|Looking back along the the path from Wensley Bridge to Scaw Bottom|
Also known as wild chervil, wild beaked parsley, keck, or my favourite, Queen Anne's lace.
The walk is about 9 miles and dead simple. You start at the bridge at Wensley - walk up the South side of the river, cross at the stepping stones, and after a bit of a meander into Redmire, you come back past Bolton Hall and back into Wensley. And it's flat! Another reason to really like it.
<< Crosswort, also known as smooth bedstraw.
It's amazing how lovely they really are when you look at them properly, even the boring every day ones, so I make no apologies for the MASSES of flower pictures.
OK. I confess, some flowers are particular favourites, such as these
<< Water avens, also known as nodding avens, drooping avens, maiden hair, indian chocolate and many more. I love that last chocolate reference
<< Wood cranesbill
"It is the city flower of Sheffield in the United Kingdom.
The flowers yield a blue-gray dye that was used in ancient Europe to dye war cloaks, believing it would protect them in battle. For this reason it was called Odin's Grace."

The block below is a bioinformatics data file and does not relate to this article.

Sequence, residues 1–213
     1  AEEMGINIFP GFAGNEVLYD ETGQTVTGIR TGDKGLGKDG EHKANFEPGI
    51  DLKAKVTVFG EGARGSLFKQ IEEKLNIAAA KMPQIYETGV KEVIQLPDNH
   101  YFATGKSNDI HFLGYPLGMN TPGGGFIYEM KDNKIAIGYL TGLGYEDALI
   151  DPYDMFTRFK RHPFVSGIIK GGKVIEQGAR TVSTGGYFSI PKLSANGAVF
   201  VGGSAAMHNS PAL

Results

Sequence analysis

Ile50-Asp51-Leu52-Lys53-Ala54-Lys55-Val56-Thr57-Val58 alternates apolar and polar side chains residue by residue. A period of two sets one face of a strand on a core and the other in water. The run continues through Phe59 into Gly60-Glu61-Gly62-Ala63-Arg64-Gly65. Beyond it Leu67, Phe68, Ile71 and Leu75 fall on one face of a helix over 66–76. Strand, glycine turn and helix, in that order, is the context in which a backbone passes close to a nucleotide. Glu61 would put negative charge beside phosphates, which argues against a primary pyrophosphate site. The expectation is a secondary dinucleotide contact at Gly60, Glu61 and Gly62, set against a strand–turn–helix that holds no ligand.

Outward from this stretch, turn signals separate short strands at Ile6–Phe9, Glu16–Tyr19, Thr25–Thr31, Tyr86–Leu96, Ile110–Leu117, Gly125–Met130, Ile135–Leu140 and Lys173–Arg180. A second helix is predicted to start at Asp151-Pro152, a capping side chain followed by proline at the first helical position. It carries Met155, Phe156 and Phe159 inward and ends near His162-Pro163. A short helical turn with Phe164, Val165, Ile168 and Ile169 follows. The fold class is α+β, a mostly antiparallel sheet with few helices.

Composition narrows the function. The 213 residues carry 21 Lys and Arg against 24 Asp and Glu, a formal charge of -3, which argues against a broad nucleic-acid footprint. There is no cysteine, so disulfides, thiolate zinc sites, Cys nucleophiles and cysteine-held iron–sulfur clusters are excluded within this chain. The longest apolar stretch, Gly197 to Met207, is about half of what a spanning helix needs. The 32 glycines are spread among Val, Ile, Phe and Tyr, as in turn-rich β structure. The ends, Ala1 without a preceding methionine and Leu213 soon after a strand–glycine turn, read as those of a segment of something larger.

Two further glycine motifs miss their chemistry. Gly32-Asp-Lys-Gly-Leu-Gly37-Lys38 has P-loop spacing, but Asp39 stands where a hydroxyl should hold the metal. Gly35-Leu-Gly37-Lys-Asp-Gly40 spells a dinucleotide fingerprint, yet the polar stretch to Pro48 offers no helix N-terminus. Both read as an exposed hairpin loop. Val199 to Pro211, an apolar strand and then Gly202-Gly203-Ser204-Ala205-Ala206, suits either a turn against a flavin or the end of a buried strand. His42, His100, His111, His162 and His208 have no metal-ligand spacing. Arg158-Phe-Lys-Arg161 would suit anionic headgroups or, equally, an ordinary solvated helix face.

"In Britain it was believed that bringing hawthorn blossom into the house would be followed by illness and death, and in Medieval times it was said that hawthorn blossom smelled like the Great Plague. Botanists later learned that the chemical trimethylamine in hawthorn blossom is also one of the first chemicals formed in decaying animal tissue, so it is not surprising that hawthorn flowers are associated with death." (From The Woodland Trust.)
My little compact camera did pretty well to get these pictures I reckon. I just point and press, and Hey Presto!
<<This is charlock, or field mustard, or wild mustard. Farmers hate it when it gets amongst their crops.
|Stepping Stones at the river crossing between Stony Stoop Lane and Slapestone Wath|
<< Common vetch. And the wonderful Orange-tip butterfly flew into shot just as I took the picture. Awesome!
|We even got to see a deer in the grounds of Bolton Hall.|
|Bolton Hall, one of the last features on a walk. Not far now until Wensley.|